A major portion of our 2009 field work focuses on recording singers
Humpback whale song was first described by Roger Payne and Scott McVay (1971) and by Howard Winn, Paul Perkins and T.C. Poulter (1970). Payne and McVay described the hierarchical structure of song, as illustrated in the figure below. Each individual distinguishable part of sound is called a unit (analogous to a note in human music). THe units make up subphrases, which are repeated in phrases, which are repeated in themes. Multiple themes make up a song, which itself can be repeated multiple times in a song session.
The hierarchical structure of song. (redrawn from Payne and McVay (1971))
In addition to this complex structure, we have learned that all of the animals in a population sing fundamentally the same song, although there can be small difference between individual animals. To make the situation even more confusing, the structure of humpback whale song is continuously evolving. To illustrate the first phrase in the figure above has six frequency upsweeps (these units look like a “J”). Over the course of the season, animals might add more “J”s, or their frequency contour (shape) could become more or less steep over time. Thus within a period of about five years, all of the themes of this year’s song will be replaced with new ones.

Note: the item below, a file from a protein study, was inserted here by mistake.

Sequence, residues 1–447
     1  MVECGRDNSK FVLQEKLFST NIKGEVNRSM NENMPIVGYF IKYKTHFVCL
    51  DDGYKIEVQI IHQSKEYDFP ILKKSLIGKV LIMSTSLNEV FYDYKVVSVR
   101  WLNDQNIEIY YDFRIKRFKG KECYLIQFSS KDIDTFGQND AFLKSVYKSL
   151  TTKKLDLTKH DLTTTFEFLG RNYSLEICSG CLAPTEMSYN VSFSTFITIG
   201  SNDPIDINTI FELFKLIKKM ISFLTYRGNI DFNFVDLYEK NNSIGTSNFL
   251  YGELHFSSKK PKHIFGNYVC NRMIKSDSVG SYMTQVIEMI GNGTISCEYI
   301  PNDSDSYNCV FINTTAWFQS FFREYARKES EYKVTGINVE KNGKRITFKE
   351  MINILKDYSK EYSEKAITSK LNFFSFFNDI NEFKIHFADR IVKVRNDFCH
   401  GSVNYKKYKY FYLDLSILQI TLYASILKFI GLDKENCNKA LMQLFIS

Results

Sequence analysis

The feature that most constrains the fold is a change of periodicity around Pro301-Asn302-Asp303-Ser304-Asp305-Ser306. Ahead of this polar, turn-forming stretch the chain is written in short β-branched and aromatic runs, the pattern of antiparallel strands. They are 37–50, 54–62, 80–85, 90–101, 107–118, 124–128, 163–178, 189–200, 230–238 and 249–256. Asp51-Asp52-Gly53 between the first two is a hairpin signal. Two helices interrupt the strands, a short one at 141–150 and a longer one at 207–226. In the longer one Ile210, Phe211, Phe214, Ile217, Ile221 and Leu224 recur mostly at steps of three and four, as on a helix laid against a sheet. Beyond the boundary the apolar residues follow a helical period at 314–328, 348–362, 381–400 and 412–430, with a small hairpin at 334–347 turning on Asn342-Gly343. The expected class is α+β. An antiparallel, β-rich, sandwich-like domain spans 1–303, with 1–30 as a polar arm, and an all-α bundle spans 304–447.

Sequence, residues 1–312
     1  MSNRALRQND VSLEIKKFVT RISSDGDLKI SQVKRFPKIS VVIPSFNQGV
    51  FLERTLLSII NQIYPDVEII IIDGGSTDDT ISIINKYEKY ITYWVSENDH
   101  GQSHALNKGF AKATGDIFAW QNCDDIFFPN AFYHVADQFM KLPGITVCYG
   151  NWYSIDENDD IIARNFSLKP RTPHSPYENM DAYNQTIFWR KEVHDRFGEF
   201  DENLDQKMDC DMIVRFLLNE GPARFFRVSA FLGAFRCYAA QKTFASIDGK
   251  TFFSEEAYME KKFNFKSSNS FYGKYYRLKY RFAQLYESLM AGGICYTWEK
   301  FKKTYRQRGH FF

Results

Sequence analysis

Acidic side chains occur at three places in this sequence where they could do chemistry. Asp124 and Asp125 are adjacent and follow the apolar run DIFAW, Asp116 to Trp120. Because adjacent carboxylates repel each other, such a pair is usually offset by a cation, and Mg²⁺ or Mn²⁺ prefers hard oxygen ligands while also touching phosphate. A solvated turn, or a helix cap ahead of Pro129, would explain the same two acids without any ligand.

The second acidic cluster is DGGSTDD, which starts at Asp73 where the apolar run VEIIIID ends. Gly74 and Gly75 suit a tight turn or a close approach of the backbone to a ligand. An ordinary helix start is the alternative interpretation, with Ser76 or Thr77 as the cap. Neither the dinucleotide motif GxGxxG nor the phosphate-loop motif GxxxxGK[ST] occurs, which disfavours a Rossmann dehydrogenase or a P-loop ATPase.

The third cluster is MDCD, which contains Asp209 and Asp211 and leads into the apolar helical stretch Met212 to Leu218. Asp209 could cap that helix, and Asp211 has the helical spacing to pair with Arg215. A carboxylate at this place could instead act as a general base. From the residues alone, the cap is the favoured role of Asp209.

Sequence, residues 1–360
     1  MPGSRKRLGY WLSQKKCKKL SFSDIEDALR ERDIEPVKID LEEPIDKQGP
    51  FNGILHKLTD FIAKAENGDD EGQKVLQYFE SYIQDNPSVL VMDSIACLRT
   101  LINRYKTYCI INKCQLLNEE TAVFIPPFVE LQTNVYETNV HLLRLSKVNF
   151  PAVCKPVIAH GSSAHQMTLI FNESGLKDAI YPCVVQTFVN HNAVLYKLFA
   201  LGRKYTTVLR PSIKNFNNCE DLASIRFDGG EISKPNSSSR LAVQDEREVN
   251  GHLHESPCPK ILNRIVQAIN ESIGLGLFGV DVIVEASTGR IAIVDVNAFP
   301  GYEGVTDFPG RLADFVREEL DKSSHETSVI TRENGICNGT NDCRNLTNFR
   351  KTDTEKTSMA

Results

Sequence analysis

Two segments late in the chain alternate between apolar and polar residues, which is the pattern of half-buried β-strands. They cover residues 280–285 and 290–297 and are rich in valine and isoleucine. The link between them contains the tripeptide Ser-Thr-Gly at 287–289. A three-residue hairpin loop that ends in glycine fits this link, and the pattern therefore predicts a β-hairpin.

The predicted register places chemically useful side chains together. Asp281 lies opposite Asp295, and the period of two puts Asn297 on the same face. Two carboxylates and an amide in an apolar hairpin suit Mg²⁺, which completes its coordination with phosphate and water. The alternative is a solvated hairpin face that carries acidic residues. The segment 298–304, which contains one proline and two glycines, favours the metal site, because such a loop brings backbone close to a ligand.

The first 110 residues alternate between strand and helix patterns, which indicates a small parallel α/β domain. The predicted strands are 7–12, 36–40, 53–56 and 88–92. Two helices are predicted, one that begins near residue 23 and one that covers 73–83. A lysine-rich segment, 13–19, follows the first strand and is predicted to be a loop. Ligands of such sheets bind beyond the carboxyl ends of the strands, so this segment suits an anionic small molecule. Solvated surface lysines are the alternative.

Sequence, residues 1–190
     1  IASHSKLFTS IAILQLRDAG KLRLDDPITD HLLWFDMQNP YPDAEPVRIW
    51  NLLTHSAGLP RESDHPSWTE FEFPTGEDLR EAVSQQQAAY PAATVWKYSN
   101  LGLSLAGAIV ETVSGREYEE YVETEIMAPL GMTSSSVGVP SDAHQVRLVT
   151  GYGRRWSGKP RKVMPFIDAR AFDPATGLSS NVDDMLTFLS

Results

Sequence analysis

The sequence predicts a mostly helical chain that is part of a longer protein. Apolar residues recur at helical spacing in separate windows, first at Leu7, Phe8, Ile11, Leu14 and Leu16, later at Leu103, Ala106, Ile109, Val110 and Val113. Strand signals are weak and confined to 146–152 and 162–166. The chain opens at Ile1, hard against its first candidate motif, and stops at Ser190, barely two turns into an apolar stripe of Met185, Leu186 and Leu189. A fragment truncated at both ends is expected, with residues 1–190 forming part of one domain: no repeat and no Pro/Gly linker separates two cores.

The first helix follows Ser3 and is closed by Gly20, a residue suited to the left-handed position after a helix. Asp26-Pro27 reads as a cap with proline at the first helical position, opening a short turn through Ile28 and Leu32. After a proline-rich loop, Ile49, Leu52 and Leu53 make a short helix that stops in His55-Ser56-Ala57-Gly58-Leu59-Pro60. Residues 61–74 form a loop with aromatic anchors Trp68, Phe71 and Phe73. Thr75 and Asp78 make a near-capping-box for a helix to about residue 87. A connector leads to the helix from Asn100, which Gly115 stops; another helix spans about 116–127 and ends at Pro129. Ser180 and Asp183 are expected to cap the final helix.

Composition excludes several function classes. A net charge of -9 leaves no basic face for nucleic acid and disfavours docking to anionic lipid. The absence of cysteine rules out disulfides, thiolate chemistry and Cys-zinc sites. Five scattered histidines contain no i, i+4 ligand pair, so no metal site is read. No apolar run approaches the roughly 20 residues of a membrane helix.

It has been established that all singers are male, although females produce other calls on the feeding grounds, such as in cooperative feeding groups.
Examples of Song Structure
Click Here to Listen to Theme 2
Hypotheses of song function
Over the more than 30 years since song was first described, many hypotheses for its function have been advanced. Today, most researchers accept that song functions as an acoustic display. The predominant question concerns the intended audience: other males, females, or both?
PAYNE, R. S. and S. MCVAY. 1971. Songs of humpback whales. Science 173: 585-597.
WINN, H. E., P. J. PERKINS and T. C. POULTER. 1970. Sounds of the Humpback Whale. Pages 39-52 7th Annual Conference on Biological Sonar and Diving Mammals. Menlo Park, Ca.